The Wilberforce Settlement

By: Leaftech

Although Canada's history is not without its dark areas, many Canadians are proud of the fact that the country was at least first opposed to the idea of slavery well before our neighbours to the south. While it is certainly worth celebrating the fact that we embraced the idea of all people being equal as far as freedom is concerned at an earlier time in our history than others, our country is certainly not free from the blemish of slavery.

That being said, Canadians and several Canadian communities can take pride in the contributions that the country made towards helping out those in bondage in the United States. In this article, we will take a look at the very first community to be established in Canada as a refuge for runaway slaves, in what is now Lucan, Ontario.

The Quakers

It is well worth noting whenever slavery is considered that there were several groups in the United States and in other English based countries who were opposed to slavery from their very formation. The most noted of these groups was the Society of Friends, also known as Quakers. This was a religious group that held slavery to be an abomination against the basic rights of men and women as granted by God.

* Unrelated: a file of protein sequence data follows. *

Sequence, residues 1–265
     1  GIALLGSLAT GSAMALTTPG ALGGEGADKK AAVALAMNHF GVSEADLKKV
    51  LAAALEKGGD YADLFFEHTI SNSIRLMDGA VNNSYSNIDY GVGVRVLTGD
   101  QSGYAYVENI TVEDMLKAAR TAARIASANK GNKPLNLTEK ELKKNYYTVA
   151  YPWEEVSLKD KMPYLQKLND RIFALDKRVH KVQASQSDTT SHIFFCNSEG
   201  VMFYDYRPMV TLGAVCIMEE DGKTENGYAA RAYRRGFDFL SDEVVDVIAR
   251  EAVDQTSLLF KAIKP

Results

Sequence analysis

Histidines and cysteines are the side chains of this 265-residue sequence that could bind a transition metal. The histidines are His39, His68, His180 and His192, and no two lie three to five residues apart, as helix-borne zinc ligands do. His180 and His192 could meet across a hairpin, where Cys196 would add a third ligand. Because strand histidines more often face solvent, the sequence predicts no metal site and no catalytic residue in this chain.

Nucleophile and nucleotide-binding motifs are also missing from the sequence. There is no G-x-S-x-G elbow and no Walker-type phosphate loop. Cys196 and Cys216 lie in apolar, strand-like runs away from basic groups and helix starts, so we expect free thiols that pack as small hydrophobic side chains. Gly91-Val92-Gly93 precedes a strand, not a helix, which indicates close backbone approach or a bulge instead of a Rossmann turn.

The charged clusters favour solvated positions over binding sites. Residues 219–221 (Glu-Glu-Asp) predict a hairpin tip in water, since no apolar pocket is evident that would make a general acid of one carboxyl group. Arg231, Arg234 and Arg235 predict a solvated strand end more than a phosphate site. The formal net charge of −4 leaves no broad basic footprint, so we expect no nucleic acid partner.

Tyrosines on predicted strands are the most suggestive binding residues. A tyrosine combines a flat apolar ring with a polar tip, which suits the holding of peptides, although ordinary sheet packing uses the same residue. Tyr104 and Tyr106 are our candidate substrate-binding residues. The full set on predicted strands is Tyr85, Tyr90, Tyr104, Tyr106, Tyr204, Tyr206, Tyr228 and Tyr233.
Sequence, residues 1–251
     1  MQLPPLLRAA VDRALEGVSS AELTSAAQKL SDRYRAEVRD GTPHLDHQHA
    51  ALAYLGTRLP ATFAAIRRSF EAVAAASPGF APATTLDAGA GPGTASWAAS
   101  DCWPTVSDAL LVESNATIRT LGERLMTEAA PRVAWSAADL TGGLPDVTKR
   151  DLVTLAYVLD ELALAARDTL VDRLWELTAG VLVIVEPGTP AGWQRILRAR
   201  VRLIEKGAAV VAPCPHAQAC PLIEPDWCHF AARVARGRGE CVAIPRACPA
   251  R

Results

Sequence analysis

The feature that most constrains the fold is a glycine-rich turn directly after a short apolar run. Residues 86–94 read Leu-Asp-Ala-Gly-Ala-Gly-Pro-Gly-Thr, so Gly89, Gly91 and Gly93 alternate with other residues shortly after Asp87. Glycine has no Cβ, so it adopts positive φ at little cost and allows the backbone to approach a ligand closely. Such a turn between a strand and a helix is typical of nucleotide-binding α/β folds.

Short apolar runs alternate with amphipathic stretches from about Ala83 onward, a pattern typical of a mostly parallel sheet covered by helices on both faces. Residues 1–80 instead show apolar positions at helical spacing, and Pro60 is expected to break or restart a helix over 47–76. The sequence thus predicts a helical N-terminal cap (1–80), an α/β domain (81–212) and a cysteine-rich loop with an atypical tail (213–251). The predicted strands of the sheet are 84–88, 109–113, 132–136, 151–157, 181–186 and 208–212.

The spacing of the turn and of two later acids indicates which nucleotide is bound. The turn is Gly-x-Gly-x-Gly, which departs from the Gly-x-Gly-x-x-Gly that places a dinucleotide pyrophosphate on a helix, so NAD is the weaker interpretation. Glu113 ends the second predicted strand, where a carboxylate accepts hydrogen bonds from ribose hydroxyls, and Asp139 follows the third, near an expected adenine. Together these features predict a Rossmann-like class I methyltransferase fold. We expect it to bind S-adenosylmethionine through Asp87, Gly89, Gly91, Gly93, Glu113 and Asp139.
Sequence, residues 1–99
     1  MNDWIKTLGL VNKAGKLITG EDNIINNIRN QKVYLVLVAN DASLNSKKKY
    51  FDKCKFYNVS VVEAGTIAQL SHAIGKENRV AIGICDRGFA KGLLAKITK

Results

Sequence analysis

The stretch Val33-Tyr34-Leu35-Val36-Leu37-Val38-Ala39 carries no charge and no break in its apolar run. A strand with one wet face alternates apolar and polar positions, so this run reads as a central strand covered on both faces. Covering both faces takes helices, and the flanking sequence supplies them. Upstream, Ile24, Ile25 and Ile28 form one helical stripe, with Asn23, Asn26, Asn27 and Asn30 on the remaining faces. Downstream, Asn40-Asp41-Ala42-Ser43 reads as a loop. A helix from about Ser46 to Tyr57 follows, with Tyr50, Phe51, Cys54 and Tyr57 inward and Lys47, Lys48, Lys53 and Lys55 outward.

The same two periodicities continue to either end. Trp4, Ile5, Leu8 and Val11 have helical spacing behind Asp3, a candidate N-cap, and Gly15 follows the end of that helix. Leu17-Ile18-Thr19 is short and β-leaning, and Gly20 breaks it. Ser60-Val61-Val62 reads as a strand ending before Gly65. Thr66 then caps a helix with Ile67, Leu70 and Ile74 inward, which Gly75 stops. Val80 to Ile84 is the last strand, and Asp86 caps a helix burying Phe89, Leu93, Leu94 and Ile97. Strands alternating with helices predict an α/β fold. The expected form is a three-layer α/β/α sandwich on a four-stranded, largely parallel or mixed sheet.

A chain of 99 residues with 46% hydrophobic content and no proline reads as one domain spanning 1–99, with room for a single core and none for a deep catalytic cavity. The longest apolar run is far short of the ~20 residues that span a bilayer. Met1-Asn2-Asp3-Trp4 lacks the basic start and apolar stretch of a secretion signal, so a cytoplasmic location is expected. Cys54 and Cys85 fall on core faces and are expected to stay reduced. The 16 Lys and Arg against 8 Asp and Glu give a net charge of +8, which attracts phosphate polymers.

In 1829, the Quakers purchased a parcel of land in the vicinity of what, today, is Lucan. It was there that they sent a group of over 200 free slaves.

The 'Slaves'

As a point of fact, the group that made its way to the Lucan area were not in fact slaves at all; they were free men and women from the Ohio area. Due to the Black Codes however, they were in danger of being enslaved again and thus fled more than 500 miles from their homeland. They named their new home the Wilberforce Settlement.

Although everyone had the best of intentions, the largely urban population of the settlement did not take well to the harsh conditions and today the town has a population of largely Irish heritage.

The Namesake

The settlement took its name from William Wilberforce. Wilberforce was a gifted speaker who was a part of British politics for many years. During most of his tenure in government, both as opposition and in the majority party, he fought to end the slave trade in Britain and all its colonies.

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